Before you're finished training 'sit', practice the command while outside on walks. Make sure he's on a leash and paying attention. Being back the treats and give him a reward each time he sits instead of getting distracted.
Recommend training method?

The Modeling Method

ribbon-method-2
Effective
0 Votes
Step
1
Start in quiet spot
Start training in a quiet spot without too many distractions.
Step
2
Guide the 'sit'
Gently guide his hind end down into a 'sit'. As soon as he is in the position say "sit" and give him a treat.
Step
3
Practice
Keep practicing this until you feel your dog move into a 'sit' as soon as you ask.
Step
4
Remove the guide
Start to ask for sit before guiding him down. When he sits without your hand guiding him, give him lots of treats and praise.
Step
5
Take it outside
When your dog is consistently sitting for you in a quiet place, practice outside with distractions. Don't be afraid to gently guide him at first and work your way up until he is confidently sitting at your command.
Recommend training method?
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Written by Katie Smith

Published: 02/27/2018, edited: 01/08/2021

Success Stories and Training Questions

Training Questions and Answers

Question
Mani (shor for Manitou)
Rat Terrier
5 Months
0 found helpful
Question
0 found helpful
Mani (shor for Manitou)
Rat Terrier
5 Months

Incessant barking at noises or other animals or people.Reluctant toilet training.

Alisha Smith
Alisha S., Dog Trainer
239 Dog owners recommended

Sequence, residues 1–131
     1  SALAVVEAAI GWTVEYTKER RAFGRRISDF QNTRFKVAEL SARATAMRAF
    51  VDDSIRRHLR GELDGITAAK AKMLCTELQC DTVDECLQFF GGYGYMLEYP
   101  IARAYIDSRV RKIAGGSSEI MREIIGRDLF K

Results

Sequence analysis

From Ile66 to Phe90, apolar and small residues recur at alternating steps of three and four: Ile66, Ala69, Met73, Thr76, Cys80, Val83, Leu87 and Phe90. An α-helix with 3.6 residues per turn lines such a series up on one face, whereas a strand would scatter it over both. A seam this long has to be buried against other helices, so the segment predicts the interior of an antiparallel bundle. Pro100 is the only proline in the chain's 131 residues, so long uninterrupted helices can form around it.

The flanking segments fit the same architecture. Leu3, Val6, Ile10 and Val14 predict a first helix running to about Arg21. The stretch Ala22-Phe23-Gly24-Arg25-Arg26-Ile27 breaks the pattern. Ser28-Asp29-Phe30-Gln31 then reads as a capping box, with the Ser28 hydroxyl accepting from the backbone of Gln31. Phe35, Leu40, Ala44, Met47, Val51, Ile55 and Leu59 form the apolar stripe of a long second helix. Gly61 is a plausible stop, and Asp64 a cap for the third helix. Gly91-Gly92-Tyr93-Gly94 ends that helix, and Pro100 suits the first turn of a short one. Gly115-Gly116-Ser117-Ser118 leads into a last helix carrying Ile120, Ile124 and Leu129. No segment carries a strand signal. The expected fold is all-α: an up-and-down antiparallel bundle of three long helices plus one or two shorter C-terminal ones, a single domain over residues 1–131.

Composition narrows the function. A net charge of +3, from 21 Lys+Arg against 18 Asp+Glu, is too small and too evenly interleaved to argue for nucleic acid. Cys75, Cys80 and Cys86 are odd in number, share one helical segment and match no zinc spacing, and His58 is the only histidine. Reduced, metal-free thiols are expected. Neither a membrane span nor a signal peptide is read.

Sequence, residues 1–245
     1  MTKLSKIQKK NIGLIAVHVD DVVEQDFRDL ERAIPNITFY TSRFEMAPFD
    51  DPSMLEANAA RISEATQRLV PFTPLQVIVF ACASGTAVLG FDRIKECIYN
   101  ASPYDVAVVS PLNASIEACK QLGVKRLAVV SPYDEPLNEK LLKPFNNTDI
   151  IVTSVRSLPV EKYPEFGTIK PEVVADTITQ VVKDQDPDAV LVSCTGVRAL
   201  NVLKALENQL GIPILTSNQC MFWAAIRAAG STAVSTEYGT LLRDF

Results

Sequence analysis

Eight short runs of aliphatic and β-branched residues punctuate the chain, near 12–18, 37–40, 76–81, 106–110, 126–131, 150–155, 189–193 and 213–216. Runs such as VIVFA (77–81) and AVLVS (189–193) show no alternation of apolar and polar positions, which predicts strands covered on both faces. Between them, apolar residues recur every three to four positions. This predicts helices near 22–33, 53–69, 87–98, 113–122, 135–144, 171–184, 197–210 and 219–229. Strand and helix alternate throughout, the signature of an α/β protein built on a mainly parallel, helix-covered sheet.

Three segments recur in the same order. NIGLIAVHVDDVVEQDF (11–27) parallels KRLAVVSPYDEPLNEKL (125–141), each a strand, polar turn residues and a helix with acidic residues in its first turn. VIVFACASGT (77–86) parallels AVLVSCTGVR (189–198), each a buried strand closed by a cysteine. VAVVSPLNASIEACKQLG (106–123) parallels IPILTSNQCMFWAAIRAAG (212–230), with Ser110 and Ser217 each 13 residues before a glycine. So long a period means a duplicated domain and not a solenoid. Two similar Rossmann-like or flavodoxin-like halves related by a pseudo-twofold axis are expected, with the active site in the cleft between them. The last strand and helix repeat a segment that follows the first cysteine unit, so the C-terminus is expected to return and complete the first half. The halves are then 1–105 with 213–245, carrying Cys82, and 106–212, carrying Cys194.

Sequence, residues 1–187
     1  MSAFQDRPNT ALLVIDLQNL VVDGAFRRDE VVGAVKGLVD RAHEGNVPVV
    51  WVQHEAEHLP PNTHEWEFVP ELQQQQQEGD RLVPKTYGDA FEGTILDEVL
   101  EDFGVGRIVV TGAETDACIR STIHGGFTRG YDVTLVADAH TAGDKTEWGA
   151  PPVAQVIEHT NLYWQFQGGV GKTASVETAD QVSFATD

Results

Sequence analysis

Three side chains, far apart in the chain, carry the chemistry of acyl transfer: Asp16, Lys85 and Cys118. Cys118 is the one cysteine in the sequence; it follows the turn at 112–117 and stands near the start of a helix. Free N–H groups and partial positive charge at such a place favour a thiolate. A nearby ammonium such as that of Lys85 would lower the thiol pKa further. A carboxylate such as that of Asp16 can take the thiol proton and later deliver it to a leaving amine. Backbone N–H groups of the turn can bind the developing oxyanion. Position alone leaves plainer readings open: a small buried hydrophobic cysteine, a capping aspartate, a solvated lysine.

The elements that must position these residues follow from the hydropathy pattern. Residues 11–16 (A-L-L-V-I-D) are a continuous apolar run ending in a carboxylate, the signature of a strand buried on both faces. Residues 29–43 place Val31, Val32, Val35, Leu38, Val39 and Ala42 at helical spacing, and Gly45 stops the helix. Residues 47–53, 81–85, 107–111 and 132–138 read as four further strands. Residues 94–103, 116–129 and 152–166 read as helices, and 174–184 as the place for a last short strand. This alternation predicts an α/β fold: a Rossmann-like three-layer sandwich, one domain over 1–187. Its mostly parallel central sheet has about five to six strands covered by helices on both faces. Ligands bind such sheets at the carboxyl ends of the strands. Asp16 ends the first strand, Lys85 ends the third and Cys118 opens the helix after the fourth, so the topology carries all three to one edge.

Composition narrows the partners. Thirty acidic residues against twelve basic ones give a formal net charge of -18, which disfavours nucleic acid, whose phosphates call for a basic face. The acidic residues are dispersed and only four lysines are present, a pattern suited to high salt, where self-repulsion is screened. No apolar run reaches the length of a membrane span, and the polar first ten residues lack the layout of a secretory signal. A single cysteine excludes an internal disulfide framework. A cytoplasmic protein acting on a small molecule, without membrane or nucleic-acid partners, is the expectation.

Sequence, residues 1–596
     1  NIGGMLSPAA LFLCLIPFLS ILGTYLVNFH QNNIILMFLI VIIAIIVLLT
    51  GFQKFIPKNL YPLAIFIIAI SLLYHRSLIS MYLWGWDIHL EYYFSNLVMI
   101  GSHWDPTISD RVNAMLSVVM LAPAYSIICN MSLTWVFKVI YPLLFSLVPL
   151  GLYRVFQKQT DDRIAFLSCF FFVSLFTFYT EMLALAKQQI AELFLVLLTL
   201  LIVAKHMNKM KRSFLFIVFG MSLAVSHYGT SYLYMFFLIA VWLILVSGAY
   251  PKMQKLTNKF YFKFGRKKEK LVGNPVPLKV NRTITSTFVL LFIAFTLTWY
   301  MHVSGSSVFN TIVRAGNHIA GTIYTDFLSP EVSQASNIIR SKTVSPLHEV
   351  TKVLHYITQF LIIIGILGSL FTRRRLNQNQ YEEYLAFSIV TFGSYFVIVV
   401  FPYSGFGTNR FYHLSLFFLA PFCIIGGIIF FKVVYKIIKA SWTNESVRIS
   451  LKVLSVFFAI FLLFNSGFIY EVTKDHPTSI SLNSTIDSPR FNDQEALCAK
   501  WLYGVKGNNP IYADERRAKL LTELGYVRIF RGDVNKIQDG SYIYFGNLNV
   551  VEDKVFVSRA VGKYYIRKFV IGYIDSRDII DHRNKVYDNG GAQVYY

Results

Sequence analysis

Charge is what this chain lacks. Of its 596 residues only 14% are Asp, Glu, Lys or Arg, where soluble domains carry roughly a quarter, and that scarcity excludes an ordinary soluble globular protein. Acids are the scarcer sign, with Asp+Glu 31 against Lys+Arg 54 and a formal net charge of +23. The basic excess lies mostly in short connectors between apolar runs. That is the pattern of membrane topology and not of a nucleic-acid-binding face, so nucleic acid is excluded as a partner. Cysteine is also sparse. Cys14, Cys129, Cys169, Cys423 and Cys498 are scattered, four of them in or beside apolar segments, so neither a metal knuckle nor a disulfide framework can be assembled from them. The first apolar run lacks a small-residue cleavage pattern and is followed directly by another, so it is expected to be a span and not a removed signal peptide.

Hi. I am going to send you some detailed information on potty training. Potty training: Know Your Pup. As you spend time with your puppy, learn your puppy’s love language. Just as some people prefer gifts, touch, or time spent together, puppies can be the same way. Some puppies love praise or pets, while others prefer treats. As you get to know your puppy, consider what reward your puppy loves the most. Create a Daily Schedule. It is best to have a routine for your puppy. A schedule helps them understand when to eat, play, and “go to the bathroom.” Your puppy should go out frequently and the routine should be the same every time. When? Start the day by taking your puppy outside, and repeating based on age and ability. They should also go out after napping, chewing, playing, and within 10 to 15 minutes of eating. Although some puppies can sleep for seven hours, it is important to set an alarm and take your pup out during the night. When you do, don’t make a fuss about it. Quietly take them outside with minimal stimulation and light. Praise them if they go to the bathroom and gently return them to their bed or crate. You don’t want them to get stimulated and ready to play in the middle of the night! As you get to know your puppy, you will become aware of their individual habits. Click here to learn more about house training schedules for puppies. Where? Take your puppy to a specific area to urinate or defecate. Be consistent. You can create an area by using urine-soaked paper or bowel movements to help create an aroma to stimulate your puppy. How? Take your puppy out on a leash so they can focus on the desired activity. This will help prevent them from wandering off to play. Once your puppy is in the selected area, use your verbal cue, such as “Hurry Up,” “Poopies,” “Go tinkle,” or any phrase your puppy responds to. What? Know the signs that your puppy has to go to the bathroom. Every animal may have a different “I gotta go” gesture, which often include restlessness, sniffing around, circling, scratching at the door, barking, and, eventually, squatting. At the first sign that your pup has to go, calmly and quickly take them outside to their bathroom spot. Deal with Accidents. Accidents are a normal part of house training a puppy. What to Do If you see your puppy in the process of urinating or defecating inappropriately, calmly and quickly interrupt them in the act. Tell them to stop (either by a jarring sound or command), and immediately take them to an appropriate location for elimination. After your puppy goes to the bathroom, lavishly praise them and offer a treat. Thoroughly clean up accidents, so your puppy is not attracted to this area again. Create a consistent feeding and watering schedule. Depending on the age of your puppy, they will eat three to four times a day. A consistent feeding routine can create a regular bathroom schedule. Take away water about 2 hours before bedtime. Learn more about ideal dog schedules here. What NOT to Do Don’t punish your puppy when they have an accident. At that point, it is too late. When a puppy has an accident in the house and they walk away, within seconds they have already forgotten about what they did. Taking them to the scene of the crime and yelling and/or rubbing their nose in it does not help and, in fact, can harm your puppy! Supervise. The best thing you can do is to prevent accidents and the best way to do this is to supervise your puppy at all times. You can tether your puppy to your waist with a five or six-foot leash and carefully observe them for signs that they need to go to the bathroom. If you can’t supervise, then crate or confine your puppy. The more accidents your puppy has in the house, the more confusing it will be for them and this can delay house training. Reward, Reward, Reward. It is important to give your puppy a reward for their good behavior. This can be for commands such as sitting and coming to you, or for appropriately eliminating outside. In a puppy, a reward can be a couple kibbles of puppy food or a treat, such as a small piece of meat. The treat should be exciting for them and only available as a result of good behavior.